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Transplantology, Volume 5, Issue 1 (March 2024) – 5 articles

Cover Story (view full-size image): There is uncertainty about the best approach to replacement treatment for kidney transplant recipients with chronic terminal graft dysfunction, since a retransplant could be performed before resuming dialysis and a dilemma exists regarding the discontinuance of immunosuppressive therapy. On the one hand, this group of patients represents a high-risk group upon returning to dialysis, since they have greater morbidity and mortality in the first months due to infectious and cardiovascular causes if the immunosuppression is maintained. On the other hand, those recipients in whom immunosuppression is withdrawn are more likely to develop sensitization and subsequently less likely to have a successful retransplantation; moreover, they often develop graft intolerance syndrome. View this paper
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5 pages, 170 KiB  
Brief Report
Novel Study of SARS-CoV-2 RNA in Post-Reperfusion Liver Biopsies after Transplantation Using COVID-19-Positive Donor Allografts
by Jenna N. Whitrock, Michela M. Carter, Adam D. Price, Aaron M. Delman, Catherine G. Pratt, Jiang Wang, Divya Sharma, Ralph C. Quillin III and Shimul A. Shah
Transplantology 2024, 5(1), 46-50; https://doi.org/10.3390/transplantology5010005 - 16 Mar 2024
Viewed by 608
Abstract
The utilization of COVID-19-positive donors has expanded the donor pool for transplantation since the initiation of COVID allograft utilization protocols. However, the biopsy-proven PCR transmission rate of COVID-19 from these allografts has not been well documented. In August 2021, an institutional COVID-19-positive allograft [...] Read more.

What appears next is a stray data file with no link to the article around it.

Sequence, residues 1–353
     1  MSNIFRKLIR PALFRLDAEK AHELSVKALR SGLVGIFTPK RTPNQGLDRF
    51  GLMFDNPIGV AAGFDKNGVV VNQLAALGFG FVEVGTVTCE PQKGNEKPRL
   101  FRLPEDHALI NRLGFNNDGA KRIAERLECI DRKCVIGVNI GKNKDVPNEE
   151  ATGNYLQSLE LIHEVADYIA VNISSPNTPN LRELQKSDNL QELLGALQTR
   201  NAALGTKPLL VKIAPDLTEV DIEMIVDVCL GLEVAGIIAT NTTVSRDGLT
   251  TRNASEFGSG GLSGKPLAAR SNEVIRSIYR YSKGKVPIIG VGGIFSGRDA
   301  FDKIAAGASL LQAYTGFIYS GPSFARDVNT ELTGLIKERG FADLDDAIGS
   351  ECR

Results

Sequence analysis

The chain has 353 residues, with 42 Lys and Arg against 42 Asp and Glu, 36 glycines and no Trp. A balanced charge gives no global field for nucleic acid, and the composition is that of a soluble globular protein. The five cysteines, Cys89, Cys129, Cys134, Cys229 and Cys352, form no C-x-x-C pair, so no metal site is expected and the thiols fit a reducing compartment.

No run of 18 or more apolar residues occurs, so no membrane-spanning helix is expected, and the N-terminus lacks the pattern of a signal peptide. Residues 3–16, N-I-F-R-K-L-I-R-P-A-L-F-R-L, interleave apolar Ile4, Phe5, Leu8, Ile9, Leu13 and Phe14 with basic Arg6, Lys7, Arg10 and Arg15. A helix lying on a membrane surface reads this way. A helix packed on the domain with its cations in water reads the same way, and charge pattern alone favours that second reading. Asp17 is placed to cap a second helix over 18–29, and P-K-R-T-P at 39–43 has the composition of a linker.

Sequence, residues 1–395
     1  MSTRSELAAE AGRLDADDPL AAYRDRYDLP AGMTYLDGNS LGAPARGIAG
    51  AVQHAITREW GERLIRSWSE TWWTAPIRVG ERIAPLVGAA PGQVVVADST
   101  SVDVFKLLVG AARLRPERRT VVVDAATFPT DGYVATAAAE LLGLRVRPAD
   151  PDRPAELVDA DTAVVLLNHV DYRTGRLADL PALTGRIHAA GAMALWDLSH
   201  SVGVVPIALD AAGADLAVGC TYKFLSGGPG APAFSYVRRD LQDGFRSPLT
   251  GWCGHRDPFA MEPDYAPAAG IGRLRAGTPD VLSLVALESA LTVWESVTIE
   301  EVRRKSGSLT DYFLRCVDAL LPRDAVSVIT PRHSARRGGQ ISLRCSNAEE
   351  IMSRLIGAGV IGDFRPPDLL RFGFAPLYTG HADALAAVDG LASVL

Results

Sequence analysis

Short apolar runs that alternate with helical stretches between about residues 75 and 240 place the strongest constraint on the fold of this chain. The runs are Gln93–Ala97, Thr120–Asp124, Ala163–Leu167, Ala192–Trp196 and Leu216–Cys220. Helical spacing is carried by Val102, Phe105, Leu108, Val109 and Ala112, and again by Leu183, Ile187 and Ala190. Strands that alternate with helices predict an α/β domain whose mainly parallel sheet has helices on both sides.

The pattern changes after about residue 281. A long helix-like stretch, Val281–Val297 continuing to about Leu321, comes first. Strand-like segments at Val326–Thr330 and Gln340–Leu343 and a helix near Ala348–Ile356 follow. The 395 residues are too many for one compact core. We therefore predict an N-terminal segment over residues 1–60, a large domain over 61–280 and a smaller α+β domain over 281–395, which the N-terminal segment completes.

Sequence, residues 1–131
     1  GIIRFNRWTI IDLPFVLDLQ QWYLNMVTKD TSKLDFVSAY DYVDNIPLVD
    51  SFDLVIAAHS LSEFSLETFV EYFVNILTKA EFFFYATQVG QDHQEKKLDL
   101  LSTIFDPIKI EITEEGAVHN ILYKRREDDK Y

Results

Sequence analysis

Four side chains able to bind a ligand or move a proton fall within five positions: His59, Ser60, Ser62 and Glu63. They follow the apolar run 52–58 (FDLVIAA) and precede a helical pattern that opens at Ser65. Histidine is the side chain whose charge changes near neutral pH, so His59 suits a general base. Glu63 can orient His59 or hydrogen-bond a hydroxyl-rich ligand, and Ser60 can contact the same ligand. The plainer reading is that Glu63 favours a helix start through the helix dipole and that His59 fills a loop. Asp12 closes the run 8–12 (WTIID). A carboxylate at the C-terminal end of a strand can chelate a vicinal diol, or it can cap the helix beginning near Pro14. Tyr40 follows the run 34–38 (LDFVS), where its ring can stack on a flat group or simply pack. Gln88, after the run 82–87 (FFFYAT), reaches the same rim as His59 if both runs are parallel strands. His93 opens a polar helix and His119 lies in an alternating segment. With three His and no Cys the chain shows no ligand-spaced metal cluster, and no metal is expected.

The utilization of COVID-19-positive donors has expanded the donor pool for transplantation since the initiation of COVID allograft utilization protocols. However, the biopsy-proven PCR transmission rate of COVID-19 from these allografts has not been well documented. In August 2021, an institutional COVID-19-positive allograft protocol was implemented for liver and kidney transplants. Post-reperfusion liver biopsies were obtained intra-operatively to evaluate for COVID-19 RNA, and post-operative day 7 nasopharyngeal reverse transcriptase polymerase chain reaction (RT-PCR) swabs were collected. The primary endpoints evaluated included COVID-19 RNA on biopsy and COVID-19 detected via nasopharyngeal RT-PCR swab on post-operative day 7. A total of 20 vaccinated recipients underwent transplantation (17 liver only, 3 simultaneous liver and kidney) with whole liver allografts from 20 COVID-19-positive deceased donors between August 2021 and April 2022. 95% (19/20) of donors were asymptomatic at the time of donation. On post-reperfusion liver allograft biopsies, COVID-19 RNA was found in 10% (2/20) of the samples. All the recipients were COVID-19-negative on post-operative day 7 nasopharyngeal RT-PCR, showing a 0% transmission rate of COVID-19 from the positive allografts. The use of COVID-19 allografts appears to be a safe practice, with no PCR-detectable transmission of COVID-19 despite 10% of the liver allografts having COVID-19 RNA present on post-reperfusion biopsy. Full article
9 pages, 742 KiB  
Article
Pre-Emptive Kidney Retransplantation from Deceased Donors
by Antonio Franco Esteve, Patricio Mas-Serrano, Fransico Manuel Marco, Eduardo Garin Cascales and Francisco Javier Perez Contreras
Transplantology 2024, 5(1), 37-45; https://doi.org/10.3390/transplantology5010004 - 28 Feb 2024
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Abstract
There is uncertainty about the best approach to replacement treatment for kidney transplant recipients with chronic terminal graft dysfunction, since a retransplant could be performed before the resumption of dialysis, thus avoiding this treatment and the dilemma of whether or not to suspend [...] Read more.